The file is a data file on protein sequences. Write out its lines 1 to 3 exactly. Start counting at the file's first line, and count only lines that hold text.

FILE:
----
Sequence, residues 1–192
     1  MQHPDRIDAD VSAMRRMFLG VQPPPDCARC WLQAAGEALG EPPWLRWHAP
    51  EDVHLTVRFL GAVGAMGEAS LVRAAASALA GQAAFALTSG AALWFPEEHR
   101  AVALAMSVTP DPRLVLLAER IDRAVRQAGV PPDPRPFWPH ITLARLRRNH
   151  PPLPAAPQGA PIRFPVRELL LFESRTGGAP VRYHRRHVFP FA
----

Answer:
Sequence, residues 1–192
     1  MQHPDRIDAD VSAMRRMFLG VQPPPDCARC WLQAAGEALG EPPWLRWHAP
    51  EDVHLTVRFL GAVGAMGEAS LVRAAASALA GQAAFALTSG AALWFPEEHR